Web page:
The cholesterol-lowering effect of indigestible proteins isolated from pulses

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Wu, Hongyi
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A total of 12 pulses were utilized to produce indigestible proteins following different processing treatments. Black-eye bean after gelation (slow-cooling) had the highest yield (67.84%) and dry heated (24 h) moong dal washed had the least (0.49%). The indigestible proteins had in vitro bile acid-binding property that was dependent on treatment but not pulse variety. Surface hydrophobicity (So) of the indigestible proteins was significantly different but there was no correlation between So and bile acid-binding ability. Native and indigestible black-eye bean proteins were selected for rats feeding experiment based on yield and bile acid-binding activity. Addition of 5% of indigestible protein reduced plasma triglyceride and total cholesterol levels when compared to casein diet in female rats but not in males. We conclude that indigestible black-eye bean protein may be effective for lowering plasma cholesterol, indicating a potential function as cholesterol-lowering reagent for certain segments of the human population.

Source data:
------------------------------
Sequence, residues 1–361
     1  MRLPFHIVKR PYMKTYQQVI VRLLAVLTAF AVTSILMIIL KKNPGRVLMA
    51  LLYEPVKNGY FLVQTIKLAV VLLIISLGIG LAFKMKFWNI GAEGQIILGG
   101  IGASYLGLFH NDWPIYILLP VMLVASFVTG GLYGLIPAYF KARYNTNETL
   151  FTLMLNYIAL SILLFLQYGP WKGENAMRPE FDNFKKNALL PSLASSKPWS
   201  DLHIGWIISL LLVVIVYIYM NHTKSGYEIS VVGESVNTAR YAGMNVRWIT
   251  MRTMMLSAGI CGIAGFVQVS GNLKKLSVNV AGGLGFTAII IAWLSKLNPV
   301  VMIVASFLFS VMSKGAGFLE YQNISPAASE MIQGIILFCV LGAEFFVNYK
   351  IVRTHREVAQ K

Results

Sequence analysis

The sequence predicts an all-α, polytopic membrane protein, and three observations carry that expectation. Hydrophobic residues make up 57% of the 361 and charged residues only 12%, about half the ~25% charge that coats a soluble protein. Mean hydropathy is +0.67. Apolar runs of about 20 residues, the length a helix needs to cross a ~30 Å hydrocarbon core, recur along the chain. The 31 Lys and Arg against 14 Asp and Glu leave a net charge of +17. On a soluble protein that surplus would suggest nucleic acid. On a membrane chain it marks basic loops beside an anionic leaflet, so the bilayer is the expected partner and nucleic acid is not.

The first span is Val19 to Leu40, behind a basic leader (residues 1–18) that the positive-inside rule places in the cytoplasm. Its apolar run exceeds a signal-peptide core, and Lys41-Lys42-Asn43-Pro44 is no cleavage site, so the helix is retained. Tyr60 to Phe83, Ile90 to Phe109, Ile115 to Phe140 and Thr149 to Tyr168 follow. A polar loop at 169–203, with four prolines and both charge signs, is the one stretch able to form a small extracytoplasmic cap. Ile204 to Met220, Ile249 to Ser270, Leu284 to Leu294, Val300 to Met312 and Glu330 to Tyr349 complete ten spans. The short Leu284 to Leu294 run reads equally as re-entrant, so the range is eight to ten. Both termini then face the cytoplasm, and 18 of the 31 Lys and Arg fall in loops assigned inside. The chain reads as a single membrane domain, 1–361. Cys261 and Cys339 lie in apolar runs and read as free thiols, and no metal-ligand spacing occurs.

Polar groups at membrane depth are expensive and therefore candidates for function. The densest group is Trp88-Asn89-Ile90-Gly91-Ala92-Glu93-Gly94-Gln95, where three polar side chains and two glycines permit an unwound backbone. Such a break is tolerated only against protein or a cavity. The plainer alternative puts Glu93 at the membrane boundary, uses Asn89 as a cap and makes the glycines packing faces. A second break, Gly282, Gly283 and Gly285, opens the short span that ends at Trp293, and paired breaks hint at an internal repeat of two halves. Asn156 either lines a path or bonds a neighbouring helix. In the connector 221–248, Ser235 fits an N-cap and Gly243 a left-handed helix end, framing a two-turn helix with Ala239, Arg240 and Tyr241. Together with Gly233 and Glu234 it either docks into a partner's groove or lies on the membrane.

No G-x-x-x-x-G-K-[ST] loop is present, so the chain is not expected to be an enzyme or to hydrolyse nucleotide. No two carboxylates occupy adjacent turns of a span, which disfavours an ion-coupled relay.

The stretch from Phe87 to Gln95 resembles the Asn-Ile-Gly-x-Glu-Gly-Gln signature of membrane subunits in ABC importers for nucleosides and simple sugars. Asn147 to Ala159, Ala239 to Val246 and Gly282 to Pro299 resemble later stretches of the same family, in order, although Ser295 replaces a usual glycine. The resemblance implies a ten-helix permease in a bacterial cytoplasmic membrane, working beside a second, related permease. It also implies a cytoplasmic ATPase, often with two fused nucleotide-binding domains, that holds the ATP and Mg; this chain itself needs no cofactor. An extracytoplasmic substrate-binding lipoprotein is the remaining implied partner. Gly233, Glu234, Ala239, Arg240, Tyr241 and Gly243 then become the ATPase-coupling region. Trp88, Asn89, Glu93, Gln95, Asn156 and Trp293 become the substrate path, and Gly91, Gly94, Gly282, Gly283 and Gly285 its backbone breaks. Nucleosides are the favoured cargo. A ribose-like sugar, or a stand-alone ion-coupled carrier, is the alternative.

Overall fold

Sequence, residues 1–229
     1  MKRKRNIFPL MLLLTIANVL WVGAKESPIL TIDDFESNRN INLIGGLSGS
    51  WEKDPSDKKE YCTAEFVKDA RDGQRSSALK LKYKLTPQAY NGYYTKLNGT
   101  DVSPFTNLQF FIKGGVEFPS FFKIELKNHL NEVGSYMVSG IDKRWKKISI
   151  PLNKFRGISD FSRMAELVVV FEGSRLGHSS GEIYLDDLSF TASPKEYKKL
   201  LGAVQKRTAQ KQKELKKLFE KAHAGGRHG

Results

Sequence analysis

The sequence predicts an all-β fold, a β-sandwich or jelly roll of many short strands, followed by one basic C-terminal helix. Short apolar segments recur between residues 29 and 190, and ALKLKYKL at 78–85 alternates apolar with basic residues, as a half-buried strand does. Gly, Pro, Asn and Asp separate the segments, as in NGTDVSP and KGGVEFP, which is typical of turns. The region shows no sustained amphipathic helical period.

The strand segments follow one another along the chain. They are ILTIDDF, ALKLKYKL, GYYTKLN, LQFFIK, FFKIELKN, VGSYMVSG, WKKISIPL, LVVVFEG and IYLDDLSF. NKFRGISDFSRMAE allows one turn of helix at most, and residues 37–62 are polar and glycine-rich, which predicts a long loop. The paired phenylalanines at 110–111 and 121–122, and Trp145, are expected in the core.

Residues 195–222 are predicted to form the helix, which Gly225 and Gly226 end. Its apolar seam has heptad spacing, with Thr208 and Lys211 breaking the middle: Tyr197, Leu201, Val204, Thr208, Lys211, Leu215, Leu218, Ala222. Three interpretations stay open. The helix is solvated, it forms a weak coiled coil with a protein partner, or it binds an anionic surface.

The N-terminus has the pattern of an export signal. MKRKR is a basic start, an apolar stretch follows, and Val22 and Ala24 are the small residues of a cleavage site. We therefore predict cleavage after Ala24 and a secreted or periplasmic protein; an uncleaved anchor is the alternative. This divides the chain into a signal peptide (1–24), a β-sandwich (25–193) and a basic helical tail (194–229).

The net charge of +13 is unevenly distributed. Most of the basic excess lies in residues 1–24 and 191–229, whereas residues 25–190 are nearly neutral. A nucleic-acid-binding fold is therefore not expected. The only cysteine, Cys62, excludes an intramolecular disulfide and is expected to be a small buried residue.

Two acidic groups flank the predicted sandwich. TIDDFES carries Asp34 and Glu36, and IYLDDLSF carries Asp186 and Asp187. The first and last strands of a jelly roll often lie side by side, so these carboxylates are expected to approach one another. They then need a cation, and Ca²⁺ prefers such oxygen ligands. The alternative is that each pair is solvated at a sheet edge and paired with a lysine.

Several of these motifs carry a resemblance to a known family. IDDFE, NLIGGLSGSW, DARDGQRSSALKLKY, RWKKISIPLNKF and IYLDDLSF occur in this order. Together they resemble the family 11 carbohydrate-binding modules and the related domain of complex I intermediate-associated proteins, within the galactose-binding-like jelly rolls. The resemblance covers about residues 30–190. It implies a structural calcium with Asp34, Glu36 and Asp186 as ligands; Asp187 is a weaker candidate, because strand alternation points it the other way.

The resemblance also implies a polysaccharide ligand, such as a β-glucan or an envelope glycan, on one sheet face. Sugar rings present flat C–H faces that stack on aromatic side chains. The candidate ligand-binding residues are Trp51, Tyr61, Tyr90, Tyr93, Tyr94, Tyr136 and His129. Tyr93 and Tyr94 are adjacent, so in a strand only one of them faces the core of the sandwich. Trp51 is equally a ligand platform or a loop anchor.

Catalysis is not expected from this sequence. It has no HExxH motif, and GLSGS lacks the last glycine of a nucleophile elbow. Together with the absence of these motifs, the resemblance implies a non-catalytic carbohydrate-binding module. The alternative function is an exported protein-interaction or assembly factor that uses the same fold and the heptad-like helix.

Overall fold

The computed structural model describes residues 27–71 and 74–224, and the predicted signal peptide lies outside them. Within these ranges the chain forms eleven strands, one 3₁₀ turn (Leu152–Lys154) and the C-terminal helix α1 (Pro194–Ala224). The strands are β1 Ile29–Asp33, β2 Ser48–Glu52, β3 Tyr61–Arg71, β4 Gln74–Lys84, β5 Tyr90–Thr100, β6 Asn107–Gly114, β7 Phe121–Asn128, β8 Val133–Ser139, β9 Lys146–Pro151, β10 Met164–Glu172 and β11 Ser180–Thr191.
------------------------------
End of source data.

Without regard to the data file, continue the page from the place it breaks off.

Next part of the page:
Pulse, Indigestible protein, Cholesterol, Bile acids, rat experiment